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‘Hybrid Church’ essential in the post-pandemic world, study predicts

Acta Theologica journal's cover

In a recent study published on November 26, the Acta Theologica Research journal predicted that in a post-pandemic world where religious activities can be held online and offline, the Catholic Church’s transition to becoming a ‘hybrid church’ is essential. 

The research paper by Prof. A. Brazal of De la Salle University and Dr. T. Camarines of De la Salle Integrated School, Philippines, shows that “there is no significant change” in the participation of women in the Catholic Church’s major religious activities before and after the pandemic.

The study, which focuses mainly on highly educated middle-class women, showed that more than 90% of the participants “expressed a deepening of their faith as a result of their participation in online religious activities.”

The research focused on these activities: Mass, personal prayer, group meditation, bible reading, bible sharing, praying the rosary, lighting a candle, listening to music, novena, anointing of the sick, funeral/memorial rites, charity, human rights advocacy, rituals.

According to Brazal and Camarines, the Church's switch to online channels "may have helped sustain women's religious practice," which is what has caused this minor change.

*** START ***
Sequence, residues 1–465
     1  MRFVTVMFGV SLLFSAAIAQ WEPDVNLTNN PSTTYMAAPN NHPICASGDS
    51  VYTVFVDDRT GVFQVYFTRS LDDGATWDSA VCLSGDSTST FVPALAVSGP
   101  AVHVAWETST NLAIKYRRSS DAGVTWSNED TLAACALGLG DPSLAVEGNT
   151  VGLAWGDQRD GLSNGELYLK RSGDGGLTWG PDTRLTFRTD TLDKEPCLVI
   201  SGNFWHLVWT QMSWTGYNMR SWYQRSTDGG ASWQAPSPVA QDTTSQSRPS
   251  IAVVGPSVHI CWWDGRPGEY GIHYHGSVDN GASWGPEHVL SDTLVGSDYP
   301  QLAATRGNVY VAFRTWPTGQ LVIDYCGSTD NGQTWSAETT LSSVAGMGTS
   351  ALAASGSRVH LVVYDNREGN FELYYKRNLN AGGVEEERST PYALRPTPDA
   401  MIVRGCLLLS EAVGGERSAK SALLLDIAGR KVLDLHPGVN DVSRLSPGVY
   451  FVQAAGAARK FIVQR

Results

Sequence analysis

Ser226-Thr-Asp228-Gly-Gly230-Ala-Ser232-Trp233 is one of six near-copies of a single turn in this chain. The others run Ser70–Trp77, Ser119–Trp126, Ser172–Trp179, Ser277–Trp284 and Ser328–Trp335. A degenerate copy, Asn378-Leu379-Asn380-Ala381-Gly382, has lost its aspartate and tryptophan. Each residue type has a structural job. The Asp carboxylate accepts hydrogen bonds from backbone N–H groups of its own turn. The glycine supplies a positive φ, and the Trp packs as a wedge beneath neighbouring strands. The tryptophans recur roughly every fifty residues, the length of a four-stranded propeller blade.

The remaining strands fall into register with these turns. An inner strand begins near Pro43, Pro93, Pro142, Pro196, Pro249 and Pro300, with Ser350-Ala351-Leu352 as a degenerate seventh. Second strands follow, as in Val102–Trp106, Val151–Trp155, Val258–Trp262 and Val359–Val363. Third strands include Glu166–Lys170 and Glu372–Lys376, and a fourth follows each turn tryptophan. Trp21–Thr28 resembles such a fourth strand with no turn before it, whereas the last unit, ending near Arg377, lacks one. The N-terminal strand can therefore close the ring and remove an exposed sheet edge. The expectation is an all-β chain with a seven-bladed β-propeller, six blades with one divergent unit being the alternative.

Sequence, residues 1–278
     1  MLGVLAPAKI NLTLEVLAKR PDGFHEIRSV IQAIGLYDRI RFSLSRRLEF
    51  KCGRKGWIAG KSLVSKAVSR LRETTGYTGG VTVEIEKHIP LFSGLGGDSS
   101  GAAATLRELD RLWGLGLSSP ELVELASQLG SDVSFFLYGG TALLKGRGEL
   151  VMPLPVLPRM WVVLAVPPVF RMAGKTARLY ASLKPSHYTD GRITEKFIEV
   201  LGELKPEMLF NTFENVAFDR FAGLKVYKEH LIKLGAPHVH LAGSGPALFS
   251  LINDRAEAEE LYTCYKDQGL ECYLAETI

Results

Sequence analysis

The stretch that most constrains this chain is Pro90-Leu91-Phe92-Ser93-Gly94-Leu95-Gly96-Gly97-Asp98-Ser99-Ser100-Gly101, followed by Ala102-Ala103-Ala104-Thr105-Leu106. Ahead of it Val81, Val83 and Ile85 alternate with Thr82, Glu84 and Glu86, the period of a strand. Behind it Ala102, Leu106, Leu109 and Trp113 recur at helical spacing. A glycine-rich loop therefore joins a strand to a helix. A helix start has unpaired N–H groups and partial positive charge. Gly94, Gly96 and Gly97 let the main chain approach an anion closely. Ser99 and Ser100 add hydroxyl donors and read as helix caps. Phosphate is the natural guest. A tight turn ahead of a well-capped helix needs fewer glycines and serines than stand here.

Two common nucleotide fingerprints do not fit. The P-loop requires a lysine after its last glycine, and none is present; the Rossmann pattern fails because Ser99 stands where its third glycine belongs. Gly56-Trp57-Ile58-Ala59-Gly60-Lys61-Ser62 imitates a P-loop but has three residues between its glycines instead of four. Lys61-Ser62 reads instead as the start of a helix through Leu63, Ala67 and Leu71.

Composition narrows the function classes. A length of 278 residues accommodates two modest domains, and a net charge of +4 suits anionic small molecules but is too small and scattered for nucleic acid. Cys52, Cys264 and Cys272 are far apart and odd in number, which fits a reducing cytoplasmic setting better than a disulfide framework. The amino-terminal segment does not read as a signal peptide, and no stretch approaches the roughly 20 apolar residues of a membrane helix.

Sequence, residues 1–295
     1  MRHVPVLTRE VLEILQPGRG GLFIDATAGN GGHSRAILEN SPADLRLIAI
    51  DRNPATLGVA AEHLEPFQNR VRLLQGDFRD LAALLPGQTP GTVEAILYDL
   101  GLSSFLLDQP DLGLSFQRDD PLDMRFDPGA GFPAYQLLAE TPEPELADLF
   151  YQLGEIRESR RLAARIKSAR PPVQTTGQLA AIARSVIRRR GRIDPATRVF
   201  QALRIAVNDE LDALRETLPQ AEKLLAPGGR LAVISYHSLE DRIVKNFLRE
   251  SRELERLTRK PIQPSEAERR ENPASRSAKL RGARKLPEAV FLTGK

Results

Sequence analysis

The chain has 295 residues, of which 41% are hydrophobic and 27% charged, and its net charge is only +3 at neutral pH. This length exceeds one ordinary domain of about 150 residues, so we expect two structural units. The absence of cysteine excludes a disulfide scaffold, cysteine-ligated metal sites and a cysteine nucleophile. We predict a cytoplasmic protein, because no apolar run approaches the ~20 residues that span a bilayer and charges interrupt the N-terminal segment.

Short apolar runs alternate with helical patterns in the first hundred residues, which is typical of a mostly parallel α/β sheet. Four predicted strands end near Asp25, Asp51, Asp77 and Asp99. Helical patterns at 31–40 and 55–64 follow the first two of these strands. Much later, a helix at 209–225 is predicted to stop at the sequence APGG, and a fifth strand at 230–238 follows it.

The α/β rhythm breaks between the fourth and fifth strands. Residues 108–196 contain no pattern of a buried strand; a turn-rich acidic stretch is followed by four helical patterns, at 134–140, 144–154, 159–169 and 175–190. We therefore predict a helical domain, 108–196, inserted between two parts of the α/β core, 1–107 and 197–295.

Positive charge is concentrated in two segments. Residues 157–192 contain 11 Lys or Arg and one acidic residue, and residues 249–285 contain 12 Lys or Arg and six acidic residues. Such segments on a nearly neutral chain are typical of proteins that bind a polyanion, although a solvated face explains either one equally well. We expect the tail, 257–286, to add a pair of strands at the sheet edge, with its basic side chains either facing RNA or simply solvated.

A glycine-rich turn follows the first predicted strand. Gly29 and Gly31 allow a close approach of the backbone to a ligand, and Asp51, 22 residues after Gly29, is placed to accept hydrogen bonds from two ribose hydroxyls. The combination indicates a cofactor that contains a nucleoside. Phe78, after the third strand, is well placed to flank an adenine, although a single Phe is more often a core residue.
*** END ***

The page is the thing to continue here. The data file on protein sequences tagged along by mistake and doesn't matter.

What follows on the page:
Furthermore, the study revealed that women exercised crucial roles in maintaining religious well-being in their homes and communities.

“Although this can be read as reflecting the patriarchal division of labor in the family that relegates care for the religious well-being of the family, especially to mothers, it can also be interpreted as a manifestation of women’s exercise of agency and leadership during the pandemic,” the study indicated.

Accredited South African journal Acta Theologica publishes independently reviewed research articles. The journal's most recent issue centered on "Towards life-giving communities in a post-pandemic world: Asian feminist theological perspectives."


Radio Veritas Asia (RVA), a media platform of the Catholic Church, aims to share Christ. RVA started in 1969 as a continental Catholic radio station to serve Asian countries in their respective local language, thus earning the tag “the Voice of Asian Christianity.”  Responding to the emerging context, RVA embraced media platforms to connect with the global Asian audience via its 21 language websites and various social media platforms.